A cloud-based accounting system allows you to manage your financial information more efficiently and cost-effectively. Mahmood Reza outlines its features and how to set one up.
Financial and business information plays an integral role in the management of arts businesses and is used for many day-to-day operations: to comply with accounts, tax, PAYE and VAT obligations; to tell us about levels of cash, income, costs, debt and monies owing; and to track expenditure and income from a project.
Cloud accounting can integrate with other business systems such as ticketing and box office
When managed properly, cloud accounting gives you that up-to-date financial information. When you log into the system, you are greeted by a dashboard that you can modify and adapt to suit your needs. For example, you can quickly see bank balances, money owed to you and by you, income earned by type, and key costs such as staff and artist costs.
Cloud accounting has an in-built suite of default reports – income and expenditure against various yardsticks such as budget, previous years and at project level via a tracking option. In addition to the usual suite of transactional financial reports you would expect, there is the ability to customise and develop reports. There are advanced reporting tools that can be used for benchmarking, forecasting, cashflow analysis and consolidation.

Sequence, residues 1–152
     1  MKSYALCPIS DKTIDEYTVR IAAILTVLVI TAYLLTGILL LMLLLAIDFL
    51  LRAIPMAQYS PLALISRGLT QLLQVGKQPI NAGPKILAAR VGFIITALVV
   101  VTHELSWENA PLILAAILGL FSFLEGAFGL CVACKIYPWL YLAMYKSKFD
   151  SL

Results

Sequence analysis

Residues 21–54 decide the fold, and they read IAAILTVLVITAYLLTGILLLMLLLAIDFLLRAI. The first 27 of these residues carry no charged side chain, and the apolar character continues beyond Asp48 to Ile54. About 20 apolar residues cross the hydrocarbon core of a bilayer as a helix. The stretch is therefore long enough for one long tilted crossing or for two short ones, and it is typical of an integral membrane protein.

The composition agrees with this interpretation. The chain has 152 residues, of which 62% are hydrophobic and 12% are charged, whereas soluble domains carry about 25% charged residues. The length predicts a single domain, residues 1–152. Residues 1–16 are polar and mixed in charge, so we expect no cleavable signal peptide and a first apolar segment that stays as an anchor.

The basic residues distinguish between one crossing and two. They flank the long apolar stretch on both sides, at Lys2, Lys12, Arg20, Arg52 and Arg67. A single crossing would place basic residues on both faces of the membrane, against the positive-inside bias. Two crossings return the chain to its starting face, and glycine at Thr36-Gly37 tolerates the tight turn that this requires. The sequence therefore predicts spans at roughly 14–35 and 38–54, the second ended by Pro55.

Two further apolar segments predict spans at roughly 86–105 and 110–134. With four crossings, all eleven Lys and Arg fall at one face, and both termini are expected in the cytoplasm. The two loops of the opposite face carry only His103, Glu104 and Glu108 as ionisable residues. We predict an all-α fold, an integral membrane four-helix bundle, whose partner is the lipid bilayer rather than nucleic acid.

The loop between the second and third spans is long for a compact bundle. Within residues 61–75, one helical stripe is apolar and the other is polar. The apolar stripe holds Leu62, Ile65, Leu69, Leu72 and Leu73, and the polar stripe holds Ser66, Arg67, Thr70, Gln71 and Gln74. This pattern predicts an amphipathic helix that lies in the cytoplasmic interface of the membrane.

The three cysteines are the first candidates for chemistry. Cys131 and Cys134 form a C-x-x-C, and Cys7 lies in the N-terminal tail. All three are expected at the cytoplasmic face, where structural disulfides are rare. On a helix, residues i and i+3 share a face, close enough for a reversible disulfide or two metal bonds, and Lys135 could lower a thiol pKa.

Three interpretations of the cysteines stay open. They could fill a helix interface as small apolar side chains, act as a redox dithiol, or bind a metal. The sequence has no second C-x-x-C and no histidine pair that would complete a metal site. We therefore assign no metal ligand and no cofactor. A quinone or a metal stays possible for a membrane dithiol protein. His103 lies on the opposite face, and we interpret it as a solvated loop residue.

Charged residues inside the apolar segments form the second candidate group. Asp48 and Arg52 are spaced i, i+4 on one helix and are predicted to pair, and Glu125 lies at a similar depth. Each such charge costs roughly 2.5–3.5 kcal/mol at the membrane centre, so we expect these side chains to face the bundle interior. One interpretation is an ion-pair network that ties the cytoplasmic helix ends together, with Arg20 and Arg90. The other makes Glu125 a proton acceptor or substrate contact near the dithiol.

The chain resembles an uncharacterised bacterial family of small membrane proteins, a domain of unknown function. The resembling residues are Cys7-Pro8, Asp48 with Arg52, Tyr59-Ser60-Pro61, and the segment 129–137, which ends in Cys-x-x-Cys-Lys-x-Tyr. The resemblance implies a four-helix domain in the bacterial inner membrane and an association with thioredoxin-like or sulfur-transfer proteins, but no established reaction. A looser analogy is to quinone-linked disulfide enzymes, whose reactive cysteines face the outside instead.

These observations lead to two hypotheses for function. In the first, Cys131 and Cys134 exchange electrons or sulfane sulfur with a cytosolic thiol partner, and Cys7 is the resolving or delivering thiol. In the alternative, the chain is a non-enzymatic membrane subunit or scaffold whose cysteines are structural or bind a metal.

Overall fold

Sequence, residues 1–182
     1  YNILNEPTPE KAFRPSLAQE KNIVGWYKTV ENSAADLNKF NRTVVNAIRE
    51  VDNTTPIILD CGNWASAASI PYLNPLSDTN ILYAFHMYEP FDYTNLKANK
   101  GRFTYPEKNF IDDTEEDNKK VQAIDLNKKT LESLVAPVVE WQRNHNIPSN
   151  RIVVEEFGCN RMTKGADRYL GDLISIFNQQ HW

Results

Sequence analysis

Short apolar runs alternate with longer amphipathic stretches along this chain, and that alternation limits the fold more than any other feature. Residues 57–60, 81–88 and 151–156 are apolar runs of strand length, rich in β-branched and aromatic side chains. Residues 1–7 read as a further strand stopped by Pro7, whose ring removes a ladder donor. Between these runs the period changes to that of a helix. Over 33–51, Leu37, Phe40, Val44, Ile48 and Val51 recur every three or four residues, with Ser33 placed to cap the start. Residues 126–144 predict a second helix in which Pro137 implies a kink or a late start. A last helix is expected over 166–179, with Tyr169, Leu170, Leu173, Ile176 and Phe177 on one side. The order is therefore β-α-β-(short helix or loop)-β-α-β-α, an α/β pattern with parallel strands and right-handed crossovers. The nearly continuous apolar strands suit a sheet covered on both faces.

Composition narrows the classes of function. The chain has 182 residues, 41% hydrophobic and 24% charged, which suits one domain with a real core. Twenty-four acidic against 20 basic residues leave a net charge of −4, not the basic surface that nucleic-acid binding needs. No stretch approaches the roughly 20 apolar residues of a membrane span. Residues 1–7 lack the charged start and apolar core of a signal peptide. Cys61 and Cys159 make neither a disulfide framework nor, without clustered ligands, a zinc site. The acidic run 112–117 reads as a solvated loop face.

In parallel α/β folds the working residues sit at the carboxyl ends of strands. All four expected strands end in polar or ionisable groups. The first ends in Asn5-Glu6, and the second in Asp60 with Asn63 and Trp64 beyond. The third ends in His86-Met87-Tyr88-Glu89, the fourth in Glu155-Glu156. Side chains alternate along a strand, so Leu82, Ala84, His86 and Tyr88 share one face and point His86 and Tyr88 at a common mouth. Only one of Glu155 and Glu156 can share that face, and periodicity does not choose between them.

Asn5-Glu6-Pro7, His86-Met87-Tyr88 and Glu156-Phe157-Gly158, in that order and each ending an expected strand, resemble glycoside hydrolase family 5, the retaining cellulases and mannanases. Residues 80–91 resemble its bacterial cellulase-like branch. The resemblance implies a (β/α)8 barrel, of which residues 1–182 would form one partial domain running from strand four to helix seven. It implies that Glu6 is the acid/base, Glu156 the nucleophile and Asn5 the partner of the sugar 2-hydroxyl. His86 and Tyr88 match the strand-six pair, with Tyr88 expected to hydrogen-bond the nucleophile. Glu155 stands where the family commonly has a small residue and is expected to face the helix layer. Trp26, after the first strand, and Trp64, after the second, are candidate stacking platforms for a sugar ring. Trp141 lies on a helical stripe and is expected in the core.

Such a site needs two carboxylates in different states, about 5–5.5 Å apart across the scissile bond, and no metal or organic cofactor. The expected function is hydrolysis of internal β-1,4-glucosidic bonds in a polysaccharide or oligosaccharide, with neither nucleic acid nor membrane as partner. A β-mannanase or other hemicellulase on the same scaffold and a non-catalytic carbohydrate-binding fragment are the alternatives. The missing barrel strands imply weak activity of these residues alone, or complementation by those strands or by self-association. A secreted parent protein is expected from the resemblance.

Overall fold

Cloud accounting software can greatly improve credit control, the lifeline of a business, but an area that doesn’t always receive the attention it should. Many arts organisations and individuals face numerous obstacles when dealing with it – not invoicing as soon as work is completed or not chasing the settlement of invoices.
Cloud accounting enables you to do the following:
- Keep track of how much money is owed and when payments are due
- See what invoices are outstanding via a reports section
- Set reminders to send out at the intervals required
- Add notes to a customer account – for example, if they’ve requested a payment plan and the amount they have agreed to pay.
You can make productivity and efficiency gains by automating processes for recording financial transactions. For example, you can set up automated bank feeds that send bank data into the cloud accounting system, and then you can establish bank rules to suggest coding for these transactions. Cloud software can remember how you previously coded a transaction and automatically suggests where it should go. Reconciling transactions is so much faster, with the combination of bank feeds, bank rules and system prompts.
You can use a mobile phone to scan in receipts: the data from the receipt is extracted and pushed into the accounting platform (including a copy of the receipt). This significantly reduces data entry and removes the need to keep the original receipt.
Cloud accounting can integrate with other business systems such as ticketing and box office. Open application programming interfaces (APIs) exist that are easy for developers to connect with, meaning that other solutions can be adapted to talk to the accounting systems, enabling data to flow between the two solutions.
Access can be given to multiple users and you can tailor permissions so that people with specific job roles only see what they need to see.